Once, when Evie was a little over a year old, I watched her fall down the stairs. She had just learned to climb them on her own. She teetered at the top. And then I watched, horrified, as she tumbled down the stairs, head first, time moving slower that seemed possible and yet too quickly for me to stop her as I watched her painful descent. She landed in a heap on the bottom, crying, and I ran and grabbed her, forgetting anything I'd ever learned about spines and trauma and not moving someone, and sat on the couch shaking for the next hour. Fortunately, she was fine. And since then, I have been an incredibly lucky parent, thinking of hospitals as the places where my babies were born, not places they frequent needing stitches or casts.

And then this afternoon I experienced that feeling all over again. Time going by slowly and quickly at once, watching my child fall head first toward injury. When we parked the car at home after ballet, Noni stood up on Lucy's booster seat by the door. Then she tripped. Lucy, Evie and I all watched as she plummeted head first to the concrete road, landing on her forehead. No outstretched arms to break her fall. Once again, any of that practical lifeguard training went out the window and I grabbed her and held her tight. An egg sized lump and smattering of blood appeared on her forehead.

I came to my senses a little and checked her pupils, which looked normal. I thought about the ER. Then I thought about our neighbor. We live right next door to an ER doctor. This is lucky for us. This is unfortunate for him. Our poor, sweet doctor neighbor who, after a year of living next to us, has inspected two of Lucy's swollen bee stings, a rash on Noni's stomach, and now a head wound. I guess I should admit that this is actually why I haven't spent so much time in the ER. He looked at Noni's head, her eyes, asked her about other injuries, and then came over to check on her two hours later. Like I said, lucky for us. It turns out that she is fine. A little bloodied and bruised, but fine.

And so, rather than thinking about ballet and mourning the end of Noni's toddler years, I am just feeling incredibly grateful right now for three healthy kids. Especially for one who still manages an extra sweet smile, even with a goose egg on her head.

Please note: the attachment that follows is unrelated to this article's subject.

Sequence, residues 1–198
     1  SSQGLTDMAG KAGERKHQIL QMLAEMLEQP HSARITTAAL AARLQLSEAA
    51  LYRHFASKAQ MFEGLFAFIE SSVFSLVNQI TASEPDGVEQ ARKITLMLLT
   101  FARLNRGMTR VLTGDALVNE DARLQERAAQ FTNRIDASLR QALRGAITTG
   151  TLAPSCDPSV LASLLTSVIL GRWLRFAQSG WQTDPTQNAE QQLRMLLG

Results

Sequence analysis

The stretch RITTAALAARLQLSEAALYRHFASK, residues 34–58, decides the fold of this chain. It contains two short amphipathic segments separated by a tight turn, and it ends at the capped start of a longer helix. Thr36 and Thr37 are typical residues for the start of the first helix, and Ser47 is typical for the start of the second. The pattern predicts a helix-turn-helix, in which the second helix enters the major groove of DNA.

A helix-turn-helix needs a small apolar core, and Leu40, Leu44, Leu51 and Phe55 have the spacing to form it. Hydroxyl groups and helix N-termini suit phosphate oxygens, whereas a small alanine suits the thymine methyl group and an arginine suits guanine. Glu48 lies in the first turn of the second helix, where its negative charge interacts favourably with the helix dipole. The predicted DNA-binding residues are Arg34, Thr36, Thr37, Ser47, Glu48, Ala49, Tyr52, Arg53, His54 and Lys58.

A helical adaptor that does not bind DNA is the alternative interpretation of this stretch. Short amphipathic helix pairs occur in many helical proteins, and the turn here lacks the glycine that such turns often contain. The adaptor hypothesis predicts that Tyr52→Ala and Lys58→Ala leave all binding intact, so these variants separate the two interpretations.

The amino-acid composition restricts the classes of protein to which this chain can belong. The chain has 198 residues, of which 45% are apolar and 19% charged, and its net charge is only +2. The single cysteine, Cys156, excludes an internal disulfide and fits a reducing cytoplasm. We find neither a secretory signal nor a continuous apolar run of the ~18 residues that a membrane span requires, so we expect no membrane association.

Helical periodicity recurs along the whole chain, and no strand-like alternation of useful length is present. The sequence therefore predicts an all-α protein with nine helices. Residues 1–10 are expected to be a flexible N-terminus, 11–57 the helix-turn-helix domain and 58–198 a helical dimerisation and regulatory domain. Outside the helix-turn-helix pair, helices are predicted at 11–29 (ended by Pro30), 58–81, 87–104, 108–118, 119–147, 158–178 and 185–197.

Wednesday, July 7, 2010

The July 400

A few years ago, some of our friends started the July 400. As they describe it: "The July 400 is a celebration of our Independence from Great Britain through running and camaraderie. Since the inaugural running in 2003, 250 people have strapped on shoes and ran, jogged, walked, and crawled 400 meters in honor of our Nation’s birthday. Time is not important; participation is. In the absence of a track, courses have been carved out of diverse landscapes ranging from fire trails in the mountains of Colorado, to horse tracks in Kenya, to the highlands of Mexico. The hottest head-to-head racing, and subsequently fastest times, have occurred on the banks of the Ohio River in Louisville, Kentucky. The July 400 is a great way to get your holiday started so invite your friends, post your results here, and turn left and go hard–HAPPY JULY 4th!"

We participated for the first time this year, meeting up at the Frederick High School track at 8:00 AM on the 4th. It's a pretty brutal length - short enough to be an all-out sprint and long enough to feel like your lungs are going to explode. But the kids loved it and it was a great way to kick off the holiday. Next year, wherever you are, consider joining in! For more information, check out their website here:

Pre-race stretching, led by Stella Henson